July 1992
Volume 33, Issue 8
Articles  |   July 1992
Motion thresholds in retinitis pigmentosa.
Author Affiliations
  • K Turano
    Wilmer Institute, Johns Hopkins University School of Medicine, Baltimore, Maryland.
  • X Wang
    Wilmer Institute, Johns Hopkins University School of Medicine, Baltimore, Maryland.
Investigative Ophthalmology & Visual Science July 1992, Vol.33, 2411-2422. doi:
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      K Turano, X Wang; Motion thresholds in retinitis pigmentosa.. Invest. Ophthalmol. Vis. Sci. 1992;33(8):2411-2422.

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      © ARVO (1962-2015); The Authors (2016-present)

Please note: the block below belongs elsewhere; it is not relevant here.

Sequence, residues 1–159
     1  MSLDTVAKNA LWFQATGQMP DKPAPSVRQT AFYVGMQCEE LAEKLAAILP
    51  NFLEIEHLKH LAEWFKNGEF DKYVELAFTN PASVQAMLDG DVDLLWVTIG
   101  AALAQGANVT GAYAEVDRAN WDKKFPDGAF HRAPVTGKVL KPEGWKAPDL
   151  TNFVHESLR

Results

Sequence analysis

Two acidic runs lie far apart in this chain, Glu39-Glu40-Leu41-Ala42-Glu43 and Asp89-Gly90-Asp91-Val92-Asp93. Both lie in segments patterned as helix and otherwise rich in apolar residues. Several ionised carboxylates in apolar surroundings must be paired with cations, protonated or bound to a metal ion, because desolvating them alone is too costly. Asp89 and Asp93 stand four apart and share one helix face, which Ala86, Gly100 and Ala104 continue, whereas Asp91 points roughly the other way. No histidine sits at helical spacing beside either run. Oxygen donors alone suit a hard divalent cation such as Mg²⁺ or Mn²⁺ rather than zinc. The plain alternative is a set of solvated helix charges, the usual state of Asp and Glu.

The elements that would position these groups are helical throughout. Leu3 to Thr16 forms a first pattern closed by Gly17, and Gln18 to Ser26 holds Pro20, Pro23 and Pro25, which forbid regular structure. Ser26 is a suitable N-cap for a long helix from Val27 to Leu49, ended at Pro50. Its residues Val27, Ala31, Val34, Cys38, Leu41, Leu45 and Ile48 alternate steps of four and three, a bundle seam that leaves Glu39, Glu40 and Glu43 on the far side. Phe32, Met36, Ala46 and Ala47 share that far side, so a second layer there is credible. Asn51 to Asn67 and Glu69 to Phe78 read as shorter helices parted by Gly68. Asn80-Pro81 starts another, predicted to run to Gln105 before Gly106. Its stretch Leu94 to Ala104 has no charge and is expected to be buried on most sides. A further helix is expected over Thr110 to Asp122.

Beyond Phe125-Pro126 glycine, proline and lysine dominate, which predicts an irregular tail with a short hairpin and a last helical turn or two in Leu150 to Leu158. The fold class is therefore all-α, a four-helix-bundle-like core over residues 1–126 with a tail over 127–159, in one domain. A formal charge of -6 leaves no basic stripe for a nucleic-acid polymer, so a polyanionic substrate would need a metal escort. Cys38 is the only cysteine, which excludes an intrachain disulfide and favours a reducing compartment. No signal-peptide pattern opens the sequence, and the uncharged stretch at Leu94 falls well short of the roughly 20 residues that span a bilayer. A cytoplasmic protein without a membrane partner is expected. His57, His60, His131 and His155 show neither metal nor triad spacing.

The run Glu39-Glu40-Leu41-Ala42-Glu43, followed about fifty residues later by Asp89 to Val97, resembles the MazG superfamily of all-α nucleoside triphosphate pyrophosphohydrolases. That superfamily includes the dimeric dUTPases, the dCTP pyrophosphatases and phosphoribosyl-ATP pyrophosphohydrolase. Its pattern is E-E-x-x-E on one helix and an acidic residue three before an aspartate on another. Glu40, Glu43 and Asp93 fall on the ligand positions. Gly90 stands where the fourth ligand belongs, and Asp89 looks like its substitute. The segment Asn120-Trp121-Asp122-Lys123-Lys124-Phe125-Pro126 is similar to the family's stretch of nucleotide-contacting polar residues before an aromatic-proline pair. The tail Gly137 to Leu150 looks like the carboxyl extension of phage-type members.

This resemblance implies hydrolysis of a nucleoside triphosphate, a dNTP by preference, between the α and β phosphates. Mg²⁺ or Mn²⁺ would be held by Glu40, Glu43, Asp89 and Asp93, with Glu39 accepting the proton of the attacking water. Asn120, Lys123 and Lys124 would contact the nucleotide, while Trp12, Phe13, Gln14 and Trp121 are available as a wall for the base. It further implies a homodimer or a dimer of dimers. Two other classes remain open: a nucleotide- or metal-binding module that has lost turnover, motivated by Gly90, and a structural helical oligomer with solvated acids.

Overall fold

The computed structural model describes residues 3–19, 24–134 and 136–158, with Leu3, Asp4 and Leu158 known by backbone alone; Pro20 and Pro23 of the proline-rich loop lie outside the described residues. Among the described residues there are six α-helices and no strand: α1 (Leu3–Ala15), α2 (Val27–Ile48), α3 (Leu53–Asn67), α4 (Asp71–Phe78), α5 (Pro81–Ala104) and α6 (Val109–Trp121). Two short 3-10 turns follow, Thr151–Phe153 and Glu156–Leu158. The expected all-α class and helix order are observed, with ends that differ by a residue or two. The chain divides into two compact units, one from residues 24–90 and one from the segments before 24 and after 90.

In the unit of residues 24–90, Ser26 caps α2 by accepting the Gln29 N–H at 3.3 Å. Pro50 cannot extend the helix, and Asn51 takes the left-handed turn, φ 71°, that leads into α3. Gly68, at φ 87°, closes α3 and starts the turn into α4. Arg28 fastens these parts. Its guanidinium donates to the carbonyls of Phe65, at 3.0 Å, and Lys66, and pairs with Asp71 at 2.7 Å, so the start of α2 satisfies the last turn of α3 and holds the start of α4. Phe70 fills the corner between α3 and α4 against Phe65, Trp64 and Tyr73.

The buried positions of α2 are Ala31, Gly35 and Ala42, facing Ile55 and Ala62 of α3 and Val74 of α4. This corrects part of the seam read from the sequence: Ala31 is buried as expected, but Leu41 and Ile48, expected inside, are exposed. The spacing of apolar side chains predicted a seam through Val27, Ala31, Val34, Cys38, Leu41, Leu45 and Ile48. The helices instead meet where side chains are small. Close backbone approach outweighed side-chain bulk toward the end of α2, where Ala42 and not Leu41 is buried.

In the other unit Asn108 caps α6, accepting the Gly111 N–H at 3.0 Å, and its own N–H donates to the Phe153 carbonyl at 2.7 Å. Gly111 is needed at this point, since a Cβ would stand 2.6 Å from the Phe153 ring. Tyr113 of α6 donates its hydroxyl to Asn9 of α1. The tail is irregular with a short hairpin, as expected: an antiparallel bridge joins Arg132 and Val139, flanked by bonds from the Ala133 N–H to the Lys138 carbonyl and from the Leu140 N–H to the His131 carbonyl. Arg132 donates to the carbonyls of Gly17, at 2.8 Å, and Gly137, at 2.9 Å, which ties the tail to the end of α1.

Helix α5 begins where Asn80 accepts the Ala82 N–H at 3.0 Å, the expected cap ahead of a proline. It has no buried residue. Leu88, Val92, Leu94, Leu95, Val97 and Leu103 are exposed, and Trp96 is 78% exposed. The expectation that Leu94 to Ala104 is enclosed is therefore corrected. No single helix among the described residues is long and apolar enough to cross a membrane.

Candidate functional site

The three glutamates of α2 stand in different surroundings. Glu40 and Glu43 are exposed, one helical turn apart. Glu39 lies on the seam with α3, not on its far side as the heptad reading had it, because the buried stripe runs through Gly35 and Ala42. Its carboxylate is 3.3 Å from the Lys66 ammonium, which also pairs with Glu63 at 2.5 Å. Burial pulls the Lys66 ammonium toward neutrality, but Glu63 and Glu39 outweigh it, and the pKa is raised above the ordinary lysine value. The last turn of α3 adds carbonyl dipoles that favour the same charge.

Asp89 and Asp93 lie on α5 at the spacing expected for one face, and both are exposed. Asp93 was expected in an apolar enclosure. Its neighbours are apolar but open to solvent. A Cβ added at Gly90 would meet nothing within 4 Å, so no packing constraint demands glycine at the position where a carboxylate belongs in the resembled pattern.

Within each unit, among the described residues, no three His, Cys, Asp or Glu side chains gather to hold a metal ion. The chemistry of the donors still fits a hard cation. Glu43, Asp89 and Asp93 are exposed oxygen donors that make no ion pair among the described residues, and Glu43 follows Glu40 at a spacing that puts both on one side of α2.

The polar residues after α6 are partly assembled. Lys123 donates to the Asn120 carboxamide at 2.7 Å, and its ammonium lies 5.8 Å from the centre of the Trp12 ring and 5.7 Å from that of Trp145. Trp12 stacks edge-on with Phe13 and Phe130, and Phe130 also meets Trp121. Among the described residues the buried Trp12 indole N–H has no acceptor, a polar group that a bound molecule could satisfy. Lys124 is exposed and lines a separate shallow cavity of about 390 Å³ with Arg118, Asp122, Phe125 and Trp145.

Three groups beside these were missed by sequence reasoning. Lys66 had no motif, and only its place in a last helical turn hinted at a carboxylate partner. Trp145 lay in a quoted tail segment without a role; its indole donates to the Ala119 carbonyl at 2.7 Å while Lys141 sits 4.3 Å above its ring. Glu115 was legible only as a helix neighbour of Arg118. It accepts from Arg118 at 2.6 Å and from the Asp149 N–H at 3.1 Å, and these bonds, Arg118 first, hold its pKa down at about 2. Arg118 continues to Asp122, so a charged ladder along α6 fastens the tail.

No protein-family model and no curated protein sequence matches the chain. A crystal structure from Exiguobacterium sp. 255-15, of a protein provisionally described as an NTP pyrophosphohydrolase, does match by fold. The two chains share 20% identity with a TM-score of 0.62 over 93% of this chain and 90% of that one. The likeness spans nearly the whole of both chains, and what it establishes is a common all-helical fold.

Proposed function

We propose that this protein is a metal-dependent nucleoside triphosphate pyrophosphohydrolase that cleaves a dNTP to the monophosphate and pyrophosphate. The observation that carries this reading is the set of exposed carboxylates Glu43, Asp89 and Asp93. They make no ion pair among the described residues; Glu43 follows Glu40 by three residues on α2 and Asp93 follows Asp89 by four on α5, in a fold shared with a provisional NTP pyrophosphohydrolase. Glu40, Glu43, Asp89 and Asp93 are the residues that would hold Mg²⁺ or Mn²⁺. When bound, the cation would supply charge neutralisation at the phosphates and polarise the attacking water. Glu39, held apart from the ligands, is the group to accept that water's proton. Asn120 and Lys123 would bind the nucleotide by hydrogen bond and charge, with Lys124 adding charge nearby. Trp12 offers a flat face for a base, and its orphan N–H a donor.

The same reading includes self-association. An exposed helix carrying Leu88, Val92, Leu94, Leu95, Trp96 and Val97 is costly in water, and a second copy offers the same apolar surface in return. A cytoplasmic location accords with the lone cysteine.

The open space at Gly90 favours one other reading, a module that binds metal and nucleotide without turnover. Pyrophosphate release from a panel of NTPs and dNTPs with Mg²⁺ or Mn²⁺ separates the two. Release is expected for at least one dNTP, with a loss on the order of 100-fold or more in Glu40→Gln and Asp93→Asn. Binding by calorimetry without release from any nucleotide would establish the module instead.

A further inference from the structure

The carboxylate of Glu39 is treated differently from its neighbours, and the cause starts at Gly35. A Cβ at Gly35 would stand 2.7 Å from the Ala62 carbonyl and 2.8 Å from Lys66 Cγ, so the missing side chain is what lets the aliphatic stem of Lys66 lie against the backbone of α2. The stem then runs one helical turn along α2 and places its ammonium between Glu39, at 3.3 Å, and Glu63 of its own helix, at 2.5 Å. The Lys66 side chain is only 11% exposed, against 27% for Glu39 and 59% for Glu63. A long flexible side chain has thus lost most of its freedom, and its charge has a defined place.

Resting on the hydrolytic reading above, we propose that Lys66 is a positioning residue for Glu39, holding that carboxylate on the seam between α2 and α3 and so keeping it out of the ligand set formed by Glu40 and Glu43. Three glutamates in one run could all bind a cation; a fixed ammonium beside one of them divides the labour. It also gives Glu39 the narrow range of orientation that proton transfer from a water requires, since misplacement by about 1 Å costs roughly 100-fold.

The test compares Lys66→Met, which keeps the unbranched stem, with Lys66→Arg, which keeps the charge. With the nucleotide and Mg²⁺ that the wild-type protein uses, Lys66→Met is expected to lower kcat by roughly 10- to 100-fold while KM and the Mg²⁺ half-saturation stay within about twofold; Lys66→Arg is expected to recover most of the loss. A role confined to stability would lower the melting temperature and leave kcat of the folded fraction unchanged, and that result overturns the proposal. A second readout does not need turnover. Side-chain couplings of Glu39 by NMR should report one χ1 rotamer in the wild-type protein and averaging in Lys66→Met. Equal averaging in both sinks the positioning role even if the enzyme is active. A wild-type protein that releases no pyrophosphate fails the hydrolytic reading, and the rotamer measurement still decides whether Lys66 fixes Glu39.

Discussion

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Minimum displacement thresholds, or dmin, were measured in 29 subjects with retinitis pigmentosa (RP) and 10 subjects with normal vision. The results showed that RP can affect an observer's ability to judge the correct direction of motion in a random-dot pattern. The majority of RP subjects had elevated dmin. They required a larger displacement to perceive the correct direction of motion. Only 5 of the 29 RP subjects had thresholds within two standard deviations of the mean of the normal-observer distribution. Moreover, three RP subjects were unable to detect the correct direction of motion regardless of the displacement magnitude, and four RP subjects consistently reported motion in the opposite direction at small displacements. The results cannot be explained by abnormal temporal processing or a reduction in the effective luminance. There was a statistically significant correlation (r = 0.72, P less than 0.001) between log threshold and log MAR, consistent with the hypothesis that a reduction in the spatial density of the photoreceptors contributes to the motion-threshold elevation. Motion thresholds also were measured in subjects with normal vision under conditions of simulated "photoreceptor" dropout. The results showed that a random elimination of information from over 25% of the image positions significantly elevates motion thresholds. These results also support the spatial-density reduction hypothesis.


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